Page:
Your recently adopted rescue dog has been through many confusing changes in his life lately. He will need time to settle in and adjust to his new home. Chances are you will not see your dog’s true personality for a least a week or two as he begins to incorporate himself into your “pack” and daily routine. Make sure he gets lots of attention from you, but also give him time by himself.
A crate is a wonderful tool for you and your rescue dog. It provides a safe haven for the dog when he wants to “get away from it all,” and it is a safe place for you to put him when you’re too busy to supervise. Some animals are used to sleeping or napping in their crates, and a crate is also the best way to house train.
Dogs feel comfortable with a schedule, so try to reduce your new dog’s stress by starting a routine. Feeding times, play times, potty time, crate time should all happen in an order he can anticipate. Do not allow children to overwhelm your dog with attention. Teaching children to respect the dog’s space and privacy now will head off possibly tragic results later. Give your pet time to adjust to his new home before inviting lots of company in to meet him. Inform your guests that dogs greet by sniffing – they are not being rude; this is how they get to know you.
Dogs that are very timid or not well socialized may need to be “ignored”. You may have to restrain your inclination to reach out and hug him. Instead, put him where you want him and just let him alone for awhile. Wait for him to come to you instead of going after him.
Introduction to other pets can be tricky. If possible, it is a good idea for the new dog and any resident dogs to meet for the first time on “neutral ground”. A friend’s yard is always a good place because you know if it is fully fenced and also what other dogs have been there (for disease prevention). Back home, keep the dogs separated as much as possible the first day or two. Give them time together under your supervision, possibly with one or both dogs on leashes. Don’t play favorites with either dog.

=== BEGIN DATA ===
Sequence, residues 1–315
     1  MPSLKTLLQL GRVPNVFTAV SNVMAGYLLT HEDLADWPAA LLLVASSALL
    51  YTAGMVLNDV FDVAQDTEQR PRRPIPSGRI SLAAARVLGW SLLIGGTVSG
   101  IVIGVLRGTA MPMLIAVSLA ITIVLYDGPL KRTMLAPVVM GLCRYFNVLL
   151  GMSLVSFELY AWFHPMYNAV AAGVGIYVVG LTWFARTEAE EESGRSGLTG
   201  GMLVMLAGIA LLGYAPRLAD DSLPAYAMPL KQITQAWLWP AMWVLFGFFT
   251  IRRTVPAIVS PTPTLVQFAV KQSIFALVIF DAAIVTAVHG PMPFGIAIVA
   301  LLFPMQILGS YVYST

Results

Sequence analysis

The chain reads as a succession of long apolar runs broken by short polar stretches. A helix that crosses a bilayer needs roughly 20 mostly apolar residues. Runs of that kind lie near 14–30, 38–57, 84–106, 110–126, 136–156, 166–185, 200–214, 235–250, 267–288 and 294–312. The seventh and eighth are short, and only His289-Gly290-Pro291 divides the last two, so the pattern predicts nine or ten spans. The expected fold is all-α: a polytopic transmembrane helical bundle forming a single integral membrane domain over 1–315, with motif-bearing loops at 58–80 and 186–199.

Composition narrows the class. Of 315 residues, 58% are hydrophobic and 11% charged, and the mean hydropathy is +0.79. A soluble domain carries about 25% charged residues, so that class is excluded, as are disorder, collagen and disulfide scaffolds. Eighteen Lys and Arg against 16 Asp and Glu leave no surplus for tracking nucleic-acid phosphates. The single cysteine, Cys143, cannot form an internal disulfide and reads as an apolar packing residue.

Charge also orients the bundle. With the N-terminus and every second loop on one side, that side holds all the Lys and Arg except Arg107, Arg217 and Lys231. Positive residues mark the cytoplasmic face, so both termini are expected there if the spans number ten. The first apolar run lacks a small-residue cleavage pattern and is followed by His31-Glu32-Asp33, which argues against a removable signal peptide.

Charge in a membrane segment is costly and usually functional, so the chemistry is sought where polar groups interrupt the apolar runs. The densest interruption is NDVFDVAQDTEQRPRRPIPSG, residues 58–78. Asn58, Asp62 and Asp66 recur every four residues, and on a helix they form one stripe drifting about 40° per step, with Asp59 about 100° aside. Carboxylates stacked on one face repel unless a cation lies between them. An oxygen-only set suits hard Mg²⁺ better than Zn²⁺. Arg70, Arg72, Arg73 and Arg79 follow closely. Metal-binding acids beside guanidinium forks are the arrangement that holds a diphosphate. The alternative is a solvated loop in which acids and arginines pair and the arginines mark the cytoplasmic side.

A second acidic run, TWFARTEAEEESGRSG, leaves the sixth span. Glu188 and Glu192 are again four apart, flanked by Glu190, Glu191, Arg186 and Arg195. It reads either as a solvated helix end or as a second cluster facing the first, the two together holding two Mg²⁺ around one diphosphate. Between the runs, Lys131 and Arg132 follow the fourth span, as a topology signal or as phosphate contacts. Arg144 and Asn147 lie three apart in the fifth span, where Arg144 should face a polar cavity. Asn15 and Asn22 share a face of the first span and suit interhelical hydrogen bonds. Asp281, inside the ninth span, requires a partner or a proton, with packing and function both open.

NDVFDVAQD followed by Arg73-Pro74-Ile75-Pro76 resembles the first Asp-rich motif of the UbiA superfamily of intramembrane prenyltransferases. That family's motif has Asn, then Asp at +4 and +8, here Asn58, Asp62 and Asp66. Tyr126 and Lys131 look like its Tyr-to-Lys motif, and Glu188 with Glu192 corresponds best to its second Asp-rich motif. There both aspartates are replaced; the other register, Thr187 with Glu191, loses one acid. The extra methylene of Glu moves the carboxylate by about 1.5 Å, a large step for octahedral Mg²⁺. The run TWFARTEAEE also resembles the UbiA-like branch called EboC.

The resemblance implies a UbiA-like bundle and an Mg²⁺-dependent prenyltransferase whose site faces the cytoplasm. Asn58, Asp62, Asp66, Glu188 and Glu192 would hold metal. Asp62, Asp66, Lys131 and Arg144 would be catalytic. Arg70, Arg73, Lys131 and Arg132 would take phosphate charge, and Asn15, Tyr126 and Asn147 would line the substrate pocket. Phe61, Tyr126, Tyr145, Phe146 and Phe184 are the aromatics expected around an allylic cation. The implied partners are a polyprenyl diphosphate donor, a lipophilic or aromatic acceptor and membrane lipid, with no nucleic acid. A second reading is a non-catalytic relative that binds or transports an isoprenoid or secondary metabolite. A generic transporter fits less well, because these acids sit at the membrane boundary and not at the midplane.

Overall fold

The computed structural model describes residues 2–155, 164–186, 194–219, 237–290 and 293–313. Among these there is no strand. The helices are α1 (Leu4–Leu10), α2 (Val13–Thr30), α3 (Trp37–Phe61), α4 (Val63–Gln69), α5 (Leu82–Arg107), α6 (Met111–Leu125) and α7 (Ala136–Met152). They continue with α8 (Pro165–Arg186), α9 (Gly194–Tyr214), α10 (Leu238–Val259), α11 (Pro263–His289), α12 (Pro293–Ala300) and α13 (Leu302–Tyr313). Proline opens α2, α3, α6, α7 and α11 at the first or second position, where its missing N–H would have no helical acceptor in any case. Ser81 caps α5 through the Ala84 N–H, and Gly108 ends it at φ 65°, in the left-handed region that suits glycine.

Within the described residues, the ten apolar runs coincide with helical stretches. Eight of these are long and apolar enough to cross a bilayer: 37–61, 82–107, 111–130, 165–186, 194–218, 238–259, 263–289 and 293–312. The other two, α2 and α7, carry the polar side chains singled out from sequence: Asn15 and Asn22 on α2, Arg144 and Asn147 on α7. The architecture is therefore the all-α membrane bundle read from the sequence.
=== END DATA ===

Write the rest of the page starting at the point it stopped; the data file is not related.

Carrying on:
Dogs are pack animals and they need to know who is “top dog”. That should, without a doubt, be you in your role as pack leader. But the dogs also need to know where they rank in relation to each other. There is likely to be some posturing and possibly even a confrontation between them in the first few days or weeks, but that is normal. Typically, a confrontation or scuffle between two dogs sounds much worse than it is. The best bet is to supervise closely and try to diffuse a situation before it escalates into a fight. Break eye contact with the two dogs. Distract them with training exercises. But on some level, they will need to “sort it out” because the pack order must be clear before they can relax. Don’t confuse the two dogs by trying to “help” the lower ranked dog out. That can just cause the dog to feel in a position to challenge the other dog for dominance.
Cats in the home should also be introduced slowly. Make sure that if you use clumping cat litter you change to regular for the first few weeks. This will help prevent a vet visit should your dog decide to “snack.”
A tired dog is a well-behaved dog! If a dog begins to chew up the house, dig in the yard, or bark, chances are he is bored or under-stimulated. Dogs need varying amounts of exercise, but odds are that a stroll through the neighborhood isn’t enough for a young, healthy dog. Most dogs need periods of vigorous play each day. This might include a game of fetch or other running games. Just being out in the yard is not exercise. So get out there and play with him!
Interaction between you and your dog is critical. An obedience class is strongly encouraged. It will teach you to communicate better, how to make your expectations clear, how to correct appropriately, and reinforce your pack leadership… plus it is a lot of fun!
Indoors, toys are important! Dogs need to chew and they need some activity to keep them occupied while you are away. Kong toys with a treat inside, appropriately sized raw beef shanks with marrow inside, or Nylabones can provide a dog with a “project” for the day. Rawhides and squeaky toys present a choking hazard and should only be used under supervision.
Dogs and children can have a wonderful relationship. However, to prevent incidents which might cause injury to either the dog or child, it is important to never leave any dog alone with a preschool child! Dogs rarely accept a child under 12 or 13 as an authority figure, and a child trying to discipline a dog as he has seen you do can result in tragedy. A dog’s only real defense is to bite, and if he feels he has no choice, that is what he will do. It won’t be the dog’s fault, but he will be the one who must pay the price. There is no such thing as a dog that will not bite. If you believe there is, then you are putting the child and dog at risk.